Baking Tools: Best Baking Pans
Beautiful cakes don’t just happen. It takes the right recipe, the right technique, and the Best Baking Pans.
And this ain’t it.
Most likely, you either inherited a mismatched collection of baking pans from Mom, or you picked up some basics along the way – pans you’ve used since leaving the dorm room. I know I did, anyway. And over time I realized if I wanted to make a cake or tart or muffins that tasted AND looked beautiful, I really needed to invest in a decent set of baking pans.
After a few cooking and baking classes, I started to pick up on the styles and brands of baking pans that my teachers preferred. And reading through several dozen cookbooks and the always-helpful Cook’s Illustrated magazine (which I highly recommend), I’ve put together a great collection of the best baking pans, best cake pans, and best bread baking pans that will serve you well for life. And you can even proudly hand them down to your kids!
What Do You Need?
So what comprises a good collection of baking pans? Here’s a list of the things you really should have on hand in your kitchen. Depending on the size of your family and the size of your yearly gatherings, you can add more of each.
13X18X1″ Sheet Pan
Technically, this size is called a “half-sheet”, but a full sheet wouldn’t fit in any kitchen I’ve ever owned, so for most home cooks, this is a full sheet.
This pan features a shallow rolled rim, which makes it perfect for sheet cakes or for pouring brittle. You need one that features a rather thick bottom and walls (18 gauge is standard), as the cheaper ones tend to bow after a time, causing uneven distribution and uneven baking.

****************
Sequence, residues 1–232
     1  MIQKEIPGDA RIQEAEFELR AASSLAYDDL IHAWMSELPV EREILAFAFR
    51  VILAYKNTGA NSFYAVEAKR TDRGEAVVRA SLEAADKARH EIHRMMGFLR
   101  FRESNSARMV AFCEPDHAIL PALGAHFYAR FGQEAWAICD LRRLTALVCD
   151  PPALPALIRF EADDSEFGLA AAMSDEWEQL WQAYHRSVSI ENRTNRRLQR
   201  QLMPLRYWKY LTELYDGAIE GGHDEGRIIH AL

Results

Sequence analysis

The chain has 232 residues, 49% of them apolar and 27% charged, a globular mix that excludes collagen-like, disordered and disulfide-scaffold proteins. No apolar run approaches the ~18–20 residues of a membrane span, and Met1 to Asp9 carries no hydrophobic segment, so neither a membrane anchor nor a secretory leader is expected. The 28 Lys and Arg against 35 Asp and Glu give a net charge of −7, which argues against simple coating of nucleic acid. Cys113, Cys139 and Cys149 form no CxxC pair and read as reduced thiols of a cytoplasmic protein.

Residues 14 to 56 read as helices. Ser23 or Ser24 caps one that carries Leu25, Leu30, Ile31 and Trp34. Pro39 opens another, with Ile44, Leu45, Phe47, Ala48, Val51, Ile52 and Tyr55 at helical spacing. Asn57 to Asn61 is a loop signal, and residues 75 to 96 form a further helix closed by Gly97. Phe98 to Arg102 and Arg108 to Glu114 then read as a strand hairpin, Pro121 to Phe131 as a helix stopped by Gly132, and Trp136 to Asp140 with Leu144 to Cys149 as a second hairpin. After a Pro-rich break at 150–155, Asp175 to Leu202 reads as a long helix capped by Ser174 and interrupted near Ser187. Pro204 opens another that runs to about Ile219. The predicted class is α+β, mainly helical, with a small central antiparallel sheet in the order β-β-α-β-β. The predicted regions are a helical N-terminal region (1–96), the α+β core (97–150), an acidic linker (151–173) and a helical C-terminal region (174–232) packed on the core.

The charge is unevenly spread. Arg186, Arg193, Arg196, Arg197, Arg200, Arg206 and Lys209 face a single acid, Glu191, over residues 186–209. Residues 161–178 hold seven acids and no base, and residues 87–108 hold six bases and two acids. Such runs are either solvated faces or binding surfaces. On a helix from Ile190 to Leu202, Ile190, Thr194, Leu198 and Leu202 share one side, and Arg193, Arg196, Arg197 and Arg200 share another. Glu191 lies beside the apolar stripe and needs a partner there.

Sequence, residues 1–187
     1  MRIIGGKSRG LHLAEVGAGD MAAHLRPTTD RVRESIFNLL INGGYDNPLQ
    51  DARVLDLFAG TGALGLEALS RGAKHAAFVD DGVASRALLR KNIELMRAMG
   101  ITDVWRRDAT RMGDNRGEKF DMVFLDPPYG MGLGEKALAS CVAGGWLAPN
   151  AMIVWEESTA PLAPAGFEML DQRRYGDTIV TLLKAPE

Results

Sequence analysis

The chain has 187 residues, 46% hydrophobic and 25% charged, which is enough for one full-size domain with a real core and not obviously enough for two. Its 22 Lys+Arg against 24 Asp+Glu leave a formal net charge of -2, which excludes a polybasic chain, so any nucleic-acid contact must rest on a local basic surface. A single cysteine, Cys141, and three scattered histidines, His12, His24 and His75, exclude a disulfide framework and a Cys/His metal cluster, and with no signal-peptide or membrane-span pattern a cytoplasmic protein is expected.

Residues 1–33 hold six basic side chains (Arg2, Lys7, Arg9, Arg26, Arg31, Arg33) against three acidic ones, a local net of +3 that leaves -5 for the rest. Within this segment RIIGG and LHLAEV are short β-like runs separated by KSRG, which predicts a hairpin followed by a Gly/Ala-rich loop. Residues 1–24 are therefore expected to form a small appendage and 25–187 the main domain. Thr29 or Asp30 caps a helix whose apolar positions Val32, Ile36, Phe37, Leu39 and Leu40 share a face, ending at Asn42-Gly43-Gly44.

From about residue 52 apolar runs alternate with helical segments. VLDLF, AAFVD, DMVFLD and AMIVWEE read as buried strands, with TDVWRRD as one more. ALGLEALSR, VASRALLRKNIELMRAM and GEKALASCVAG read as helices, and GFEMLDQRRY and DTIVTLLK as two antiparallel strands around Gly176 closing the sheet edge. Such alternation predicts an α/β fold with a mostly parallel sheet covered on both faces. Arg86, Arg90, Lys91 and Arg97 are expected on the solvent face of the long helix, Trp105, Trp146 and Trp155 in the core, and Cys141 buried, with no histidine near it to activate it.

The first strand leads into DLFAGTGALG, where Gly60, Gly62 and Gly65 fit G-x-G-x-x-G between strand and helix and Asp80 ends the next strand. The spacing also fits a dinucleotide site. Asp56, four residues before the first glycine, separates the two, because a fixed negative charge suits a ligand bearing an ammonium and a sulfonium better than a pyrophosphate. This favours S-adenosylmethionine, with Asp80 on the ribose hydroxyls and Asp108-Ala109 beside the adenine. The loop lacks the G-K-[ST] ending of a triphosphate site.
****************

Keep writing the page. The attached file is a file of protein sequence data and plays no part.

They usually come in aluminum, and I know some people have issues with aluminum. I don’t, as I’ve studied it at length and know aluminum baking pans don’t impart any traceable levels of aluminum to food (see my article here). You can buy steel pans, but they will be much thinner and will almost certainly bow in the middle.
I recommend having two of them. Usually they do stack inside one another, so space isn’t too much of a problem.
Here are several that will serve you well:
I make a lot of cupcakes and I own three 12-well muffin pans. Mine are made of light-colored steel. Dark colored pans will absorb heat more quickly and can brown the outside of your cakes faster than you might want.
I avoid the silicone pans, as they are more of a hassle than anything. You have to set them on a baking sheet, which can hog room in the oven so much so you can’t even get two pans in at the same time. And I always use cupcake liners anyway, so the point of silicone for that task baffles me. No thanks.
I do insist on pans that have a lip to grab on to when you’re pulling them out of the oven, or at least some extra space on both ends. My big man knuckles get burned when I try to pull out a pan with no lip on it. Ouch.
If you buy the same type, they will stack inside each other, which is a real space-saver.